Novo Nordisk is a pharmaceutical development and manufacturing company. The company specializes in the treatment of diabetes, rare bleeding disorders, and growth disorders.
According to the World Health Organization, nearly a third of the world’s population lacks access to the most basic essential medicines; in the poorest parts of Africa and Asia this figure rises to over 50%1. In addition, the failure of the public sector in low-income countries to provide affordable medicine exacerbates the problem by creating high out-of-pocket expenses2 . Pharmaceutical companies can improve access to medicine through strategic partnerships, outreach, education and training, and differential pricing schemes.
In 2013, Novo Nordisk provided diabetes treatment to 24.3 million and has a target of providing quality diabetes care products to 40 million people by 2020. Novo Nordisk is working to achieve this target by building strategic relationships with local partners, providing differential pricing policies, and numerous other programs. The Novo Nordisk-owned Steno Diabetes Center program REACH is establishing education centers in various Asian countries and is expected to train more than 9,200 healthcare professionals each year. The company provides differential pricing in 35 of the 49 Least Developed Countries. In 2013 it is estimated that 5.2 million patients worldwide were treated with insulin for less than $0.22 per day.
Pharmaceuticals enter the environment in a variety of ways, including emissions from manufacturing sites, disposal of unused medicines, and patient excretion. A 2013 study published in the Journal of Environmental Pollution analyzed effluent samples from 50 large wastewater plants in the United States. The samples contained 56 active pharmaceutical ingredients, with hydrochlorothiazide found in every sample and three other ingredients found in over 90% of the samples3. Pharmaceutical companies can decrease the impact of pharmaceuticals in the environment by conducting full life-cycle analyses of pharmaceuticals and encouraging take-back programs.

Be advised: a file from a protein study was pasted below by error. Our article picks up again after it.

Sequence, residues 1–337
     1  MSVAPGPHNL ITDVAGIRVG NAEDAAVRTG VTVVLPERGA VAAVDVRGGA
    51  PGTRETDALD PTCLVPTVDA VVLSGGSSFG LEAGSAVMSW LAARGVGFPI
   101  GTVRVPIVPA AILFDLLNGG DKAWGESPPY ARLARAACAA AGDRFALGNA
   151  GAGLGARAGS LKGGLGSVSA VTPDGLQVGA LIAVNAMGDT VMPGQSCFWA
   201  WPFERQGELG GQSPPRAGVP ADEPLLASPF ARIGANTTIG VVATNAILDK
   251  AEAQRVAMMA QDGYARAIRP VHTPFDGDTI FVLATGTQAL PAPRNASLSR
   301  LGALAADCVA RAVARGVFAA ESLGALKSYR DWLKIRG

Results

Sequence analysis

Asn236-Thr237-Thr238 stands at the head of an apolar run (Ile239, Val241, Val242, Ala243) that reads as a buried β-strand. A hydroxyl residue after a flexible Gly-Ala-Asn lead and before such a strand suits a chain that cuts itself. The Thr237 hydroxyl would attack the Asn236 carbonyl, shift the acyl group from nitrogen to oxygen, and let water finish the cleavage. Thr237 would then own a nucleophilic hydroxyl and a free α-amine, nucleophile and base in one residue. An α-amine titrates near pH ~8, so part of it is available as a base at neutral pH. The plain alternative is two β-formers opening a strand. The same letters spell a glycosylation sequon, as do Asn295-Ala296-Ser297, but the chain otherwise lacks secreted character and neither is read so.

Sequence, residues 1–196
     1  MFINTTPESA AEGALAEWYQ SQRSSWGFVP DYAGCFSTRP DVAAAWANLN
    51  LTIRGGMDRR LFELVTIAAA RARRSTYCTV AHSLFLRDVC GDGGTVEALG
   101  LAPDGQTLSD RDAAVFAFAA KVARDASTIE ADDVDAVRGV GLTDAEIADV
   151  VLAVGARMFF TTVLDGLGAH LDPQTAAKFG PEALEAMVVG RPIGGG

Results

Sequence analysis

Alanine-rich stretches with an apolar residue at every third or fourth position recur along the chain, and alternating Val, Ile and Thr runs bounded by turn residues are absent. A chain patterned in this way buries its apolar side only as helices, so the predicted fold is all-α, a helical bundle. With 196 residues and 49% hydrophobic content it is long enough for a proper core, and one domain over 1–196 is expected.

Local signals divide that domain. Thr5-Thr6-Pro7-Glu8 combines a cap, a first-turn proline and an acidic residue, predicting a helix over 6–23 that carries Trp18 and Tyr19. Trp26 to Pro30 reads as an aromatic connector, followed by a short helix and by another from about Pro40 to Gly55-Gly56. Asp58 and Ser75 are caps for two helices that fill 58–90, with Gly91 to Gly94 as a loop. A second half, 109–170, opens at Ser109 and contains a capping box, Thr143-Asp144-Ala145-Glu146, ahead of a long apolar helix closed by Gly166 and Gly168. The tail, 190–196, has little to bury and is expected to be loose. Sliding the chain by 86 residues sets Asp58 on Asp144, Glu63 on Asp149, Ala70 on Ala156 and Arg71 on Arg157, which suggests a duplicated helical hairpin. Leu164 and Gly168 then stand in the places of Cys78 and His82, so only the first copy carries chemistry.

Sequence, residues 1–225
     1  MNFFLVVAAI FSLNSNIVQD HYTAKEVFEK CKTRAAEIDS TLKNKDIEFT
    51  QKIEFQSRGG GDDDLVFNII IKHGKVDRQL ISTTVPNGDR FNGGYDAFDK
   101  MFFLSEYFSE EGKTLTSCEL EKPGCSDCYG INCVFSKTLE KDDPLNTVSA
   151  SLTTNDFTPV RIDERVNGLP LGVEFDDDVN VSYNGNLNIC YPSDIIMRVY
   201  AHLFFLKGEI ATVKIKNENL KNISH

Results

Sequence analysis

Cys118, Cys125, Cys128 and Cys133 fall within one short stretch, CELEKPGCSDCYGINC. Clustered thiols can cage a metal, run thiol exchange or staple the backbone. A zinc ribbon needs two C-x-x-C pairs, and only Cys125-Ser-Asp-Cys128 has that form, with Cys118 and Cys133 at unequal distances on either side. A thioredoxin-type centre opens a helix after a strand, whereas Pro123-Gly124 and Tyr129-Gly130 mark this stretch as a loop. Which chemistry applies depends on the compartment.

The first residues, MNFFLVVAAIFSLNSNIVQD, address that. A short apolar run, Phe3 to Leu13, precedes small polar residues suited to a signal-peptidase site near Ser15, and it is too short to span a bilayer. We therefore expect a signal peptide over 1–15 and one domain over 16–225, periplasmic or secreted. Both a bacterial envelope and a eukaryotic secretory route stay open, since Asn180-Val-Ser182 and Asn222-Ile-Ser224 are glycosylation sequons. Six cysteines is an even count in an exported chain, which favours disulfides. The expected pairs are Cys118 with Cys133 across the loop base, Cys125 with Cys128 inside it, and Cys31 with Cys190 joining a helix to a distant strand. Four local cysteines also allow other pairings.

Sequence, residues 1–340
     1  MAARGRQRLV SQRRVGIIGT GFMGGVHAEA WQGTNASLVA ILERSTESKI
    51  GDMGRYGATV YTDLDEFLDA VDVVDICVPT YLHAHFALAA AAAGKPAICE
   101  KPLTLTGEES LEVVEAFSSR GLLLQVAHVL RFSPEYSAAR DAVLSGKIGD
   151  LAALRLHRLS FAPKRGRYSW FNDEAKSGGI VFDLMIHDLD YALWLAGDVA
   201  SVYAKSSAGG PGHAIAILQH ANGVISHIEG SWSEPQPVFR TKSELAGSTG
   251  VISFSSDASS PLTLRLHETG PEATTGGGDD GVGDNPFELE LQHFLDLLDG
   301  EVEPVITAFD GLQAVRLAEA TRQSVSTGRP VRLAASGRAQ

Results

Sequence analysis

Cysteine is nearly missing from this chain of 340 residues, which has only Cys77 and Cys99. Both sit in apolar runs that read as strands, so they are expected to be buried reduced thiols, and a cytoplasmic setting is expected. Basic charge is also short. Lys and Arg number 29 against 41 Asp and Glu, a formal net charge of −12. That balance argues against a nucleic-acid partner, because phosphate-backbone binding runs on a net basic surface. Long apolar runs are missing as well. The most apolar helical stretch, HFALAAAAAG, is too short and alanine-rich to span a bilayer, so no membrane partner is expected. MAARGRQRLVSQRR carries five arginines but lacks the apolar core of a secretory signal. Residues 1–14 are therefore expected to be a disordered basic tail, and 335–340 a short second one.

Novo Nordisk recognizes that waste streams are a large contributor to pharmaceuticals in the environment and therefore focuses its waste reduction programs on reducing environmental impact from waste, rather than quantity of waste. This allows the company to focus its attention on specific projects. For example, since 2011 the company has treated wastewater from its insulin production site in Kalundborg in a biogas reactor. The reactor produces 47,000 megawatt hours of electricity annually.
Pharmaceutical manufacturing is highly energy and water intensive. In 2005 the U.S. pharmaceutical industry consumed $1 billion in energy4. During the same year, pharmaceuticals consumed 36.68 million tons of oil equivalents in the European Union5. According to the World Health Organization, “water is the most widely used substance, raw material or starting material in the production, processing and formulation of pharmaceutical products.” Pharmaceutical companies must find ways to increase production to meet rising demand while decreasing energy related emissions and water requirements.
Novo Nordisk strives to decouple environmental impacts from business growth. In 2013 the company set new targets to a maximum 50% increase in energy and water consumption compared to business growth. Novo Nordisk has entered into an agreement with Denmark’s largest energy company, DONG Energy. DONG will assist Novo Nordisk in identifying energy-saving initiatives, and in return, Novo Nordisk will purchase corresponding quantities of energy from offshore wind farms.
Although Novo Nordisk is working to decrease wastewater production in high impact areas, Portfolio 21 would like to see the company invest in green chemistry research and encourage pharmaceutical take-back programs across its markets.
Novo Nordisk’s Environmental Profit and Loss report concluded that 87% of the company’s total environmental impact is derived from outside the company’s own operations. Specifically the report found that product distribution, extraction of raw materials and cultivation of farm crops are the largest contributors to environmental degradation. Portfolio 21 believes Novo Nordisk should engage with suppliers and take additional steps to decrease indirect environmental costs.
To the best of our knowledge the above information is accurate and was obtained from sources we believe to be reliable. Neither the information presented above nor any opinion expressed shall be construed as an offer to sell or a solicitation to buy the security. The views expressed are those of portfolio management as of 7/31/14 and may not reflect current opinions or subsequent events.